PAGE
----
“If nothing else #BlackMenSmiling is opening my eyes to how rare it is to catch a Black man smiling on camera. It’s like we can’t leave evidence of our happiness,” Banks added."..
OTHER SIMILAR TWITTER HASHTAGS
BLACK MEN SMILE™
Black Men Smile™ was created by Carlton Mackey and Devan Dmarcus Dunson in September 2014, one month after eighteen year old Michael Brown was murdered in Ferguson, Missouri. Black Men Smile™ can be considered a movement. It's co-directors travel throughout the United States, asking Black men "What makes you smile?" and photographing Black men smiling.
Black Men Smile™ has a website http://blackmensmile.com/, an instagram page, a Facebook page, and a twitter hashtag: https://twitter.com/blackmensmile?lang=en. Black Men Smile™ also has several YouTube video, including this one from 2016:
Black Men Smile
BLACK MEN SMILE Published on Aug 7, 2016
Black Men Smile because we love ourselves. This platform is about radical expressions of self love. It is about resistance. It is about learning from each other. It is about encouraging one another. It is about transcending. It is about defying gravity, as our ancestors have always done, and leaving a legacy so that generations after us may do the same. During these times when so many stories being told about us, we will need those we tell about ourselves to be our real truth.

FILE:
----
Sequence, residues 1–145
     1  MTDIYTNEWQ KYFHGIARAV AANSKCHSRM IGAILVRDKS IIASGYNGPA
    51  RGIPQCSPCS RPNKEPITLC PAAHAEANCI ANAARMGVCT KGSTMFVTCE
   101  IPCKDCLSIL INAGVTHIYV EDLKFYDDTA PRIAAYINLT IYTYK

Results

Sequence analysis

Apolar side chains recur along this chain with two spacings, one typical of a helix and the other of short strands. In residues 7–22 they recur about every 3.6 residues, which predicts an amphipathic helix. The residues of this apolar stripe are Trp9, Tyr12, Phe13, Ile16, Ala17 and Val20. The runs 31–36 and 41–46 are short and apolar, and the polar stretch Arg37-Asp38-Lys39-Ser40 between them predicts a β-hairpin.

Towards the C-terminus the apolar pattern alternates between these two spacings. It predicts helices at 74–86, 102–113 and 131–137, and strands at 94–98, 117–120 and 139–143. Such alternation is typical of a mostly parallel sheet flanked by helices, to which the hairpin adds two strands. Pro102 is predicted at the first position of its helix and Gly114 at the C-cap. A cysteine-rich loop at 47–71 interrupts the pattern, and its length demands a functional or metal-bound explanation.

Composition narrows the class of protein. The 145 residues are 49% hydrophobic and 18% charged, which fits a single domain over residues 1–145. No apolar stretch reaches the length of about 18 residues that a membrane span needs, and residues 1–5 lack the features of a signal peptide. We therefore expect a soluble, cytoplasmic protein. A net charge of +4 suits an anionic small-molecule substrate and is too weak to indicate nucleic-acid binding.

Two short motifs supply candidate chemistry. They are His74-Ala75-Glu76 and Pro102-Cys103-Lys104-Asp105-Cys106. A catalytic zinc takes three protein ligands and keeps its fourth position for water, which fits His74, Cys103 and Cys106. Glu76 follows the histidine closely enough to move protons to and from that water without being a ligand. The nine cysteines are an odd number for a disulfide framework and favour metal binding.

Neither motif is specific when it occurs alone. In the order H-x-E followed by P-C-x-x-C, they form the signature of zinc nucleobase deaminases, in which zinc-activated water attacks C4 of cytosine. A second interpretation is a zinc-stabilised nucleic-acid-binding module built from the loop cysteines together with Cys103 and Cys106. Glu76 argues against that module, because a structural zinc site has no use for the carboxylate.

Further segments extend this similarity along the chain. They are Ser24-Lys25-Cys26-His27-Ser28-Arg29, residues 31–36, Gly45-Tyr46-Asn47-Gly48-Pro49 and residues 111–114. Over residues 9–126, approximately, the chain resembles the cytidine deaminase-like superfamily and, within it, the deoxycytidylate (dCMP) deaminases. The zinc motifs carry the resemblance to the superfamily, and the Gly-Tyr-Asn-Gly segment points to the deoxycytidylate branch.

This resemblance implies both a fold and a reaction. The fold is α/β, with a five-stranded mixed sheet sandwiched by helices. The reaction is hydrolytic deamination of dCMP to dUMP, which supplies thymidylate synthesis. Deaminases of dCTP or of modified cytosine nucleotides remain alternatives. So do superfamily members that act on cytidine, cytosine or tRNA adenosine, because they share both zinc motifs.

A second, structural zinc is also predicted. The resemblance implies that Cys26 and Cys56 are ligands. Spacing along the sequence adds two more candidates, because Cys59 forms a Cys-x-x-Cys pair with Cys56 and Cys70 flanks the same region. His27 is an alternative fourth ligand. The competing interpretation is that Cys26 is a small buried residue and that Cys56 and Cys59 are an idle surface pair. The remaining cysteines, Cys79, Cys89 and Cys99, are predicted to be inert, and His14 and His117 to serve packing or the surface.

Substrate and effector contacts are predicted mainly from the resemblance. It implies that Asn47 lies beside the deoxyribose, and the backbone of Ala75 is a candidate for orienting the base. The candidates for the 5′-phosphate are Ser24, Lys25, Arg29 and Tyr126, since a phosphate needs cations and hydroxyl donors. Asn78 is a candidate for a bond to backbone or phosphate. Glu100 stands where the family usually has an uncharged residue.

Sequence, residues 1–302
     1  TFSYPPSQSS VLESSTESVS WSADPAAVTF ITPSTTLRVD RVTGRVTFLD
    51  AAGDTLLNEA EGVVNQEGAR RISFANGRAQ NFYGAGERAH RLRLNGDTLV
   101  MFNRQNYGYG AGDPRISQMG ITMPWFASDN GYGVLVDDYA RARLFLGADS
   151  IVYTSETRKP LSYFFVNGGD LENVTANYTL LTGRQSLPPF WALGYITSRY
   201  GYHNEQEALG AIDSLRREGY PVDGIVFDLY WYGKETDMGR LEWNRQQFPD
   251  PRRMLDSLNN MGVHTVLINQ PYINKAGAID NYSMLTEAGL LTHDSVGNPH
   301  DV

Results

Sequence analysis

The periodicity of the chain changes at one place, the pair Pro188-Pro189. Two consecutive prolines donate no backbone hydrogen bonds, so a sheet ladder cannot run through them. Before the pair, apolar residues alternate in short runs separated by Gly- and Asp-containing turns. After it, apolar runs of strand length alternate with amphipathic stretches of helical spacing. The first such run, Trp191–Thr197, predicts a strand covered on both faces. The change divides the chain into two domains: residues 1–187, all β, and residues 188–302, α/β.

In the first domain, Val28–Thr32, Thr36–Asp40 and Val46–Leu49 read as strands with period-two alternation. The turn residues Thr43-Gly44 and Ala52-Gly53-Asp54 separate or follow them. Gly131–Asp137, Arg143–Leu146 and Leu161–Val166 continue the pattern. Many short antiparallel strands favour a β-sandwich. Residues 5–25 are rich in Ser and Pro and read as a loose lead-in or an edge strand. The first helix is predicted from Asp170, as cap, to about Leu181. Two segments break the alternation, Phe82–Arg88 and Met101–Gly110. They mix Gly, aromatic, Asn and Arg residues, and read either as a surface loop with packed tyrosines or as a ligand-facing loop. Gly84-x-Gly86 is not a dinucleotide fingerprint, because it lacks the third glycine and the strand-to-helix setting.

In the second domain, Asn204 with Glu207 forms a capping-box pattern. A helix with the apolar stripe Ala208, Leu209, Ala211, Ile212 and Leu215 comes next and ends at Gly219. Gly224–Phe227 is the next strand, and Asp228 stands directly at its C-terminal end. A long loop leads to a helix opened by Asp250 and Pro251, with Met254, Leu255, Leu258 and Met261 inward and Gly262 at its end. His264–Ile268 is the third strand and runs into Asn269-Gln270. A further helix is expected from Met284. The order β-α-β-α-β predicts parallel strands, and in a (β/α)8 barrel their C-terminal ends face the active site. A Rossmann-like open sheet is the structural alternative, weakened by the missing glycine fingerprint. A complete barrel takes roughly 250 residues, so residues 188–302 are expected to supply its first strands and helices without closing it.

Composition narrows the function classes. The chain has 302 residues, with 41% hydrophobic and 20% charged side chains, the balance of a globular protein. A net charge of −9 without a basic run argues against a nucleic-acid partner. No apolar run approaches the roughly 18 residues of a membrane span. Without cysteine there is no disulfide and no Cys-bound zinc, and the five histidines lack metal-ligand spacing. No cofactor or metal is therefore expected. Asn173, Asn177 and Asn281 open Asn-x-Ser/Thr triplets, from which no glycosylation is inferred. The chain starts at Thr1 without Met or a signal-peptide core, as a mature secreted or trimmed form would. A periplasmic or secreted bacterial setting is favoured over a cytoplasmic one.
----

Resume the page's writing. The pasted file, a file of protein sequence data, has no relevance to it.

Your support helps with the production of a feature length documentary film, a 10 city empowerment tour, capturing portraits of over 5000 Black men, and the creation of an accompanying educational curriculum and movie discussion guide.
Unlike #blackmensmiling, #Blackmensmiling, and #Blackwomensmiling, #blackmensmile has fewer photographs of Black people, especially in pre-February 2, 2018 tweets. Most of the early (2014-2016) #blackmensmile tweets have links to that organization's instagram page and any photographs might be found on those pages.
#blackmensmile may help explain why a number of contributors to that hashtag and to #Blackmensmiling and #Blackwomensmiling refer to their posting tweets with photographs as "joining a movement" and "doing this for the culture".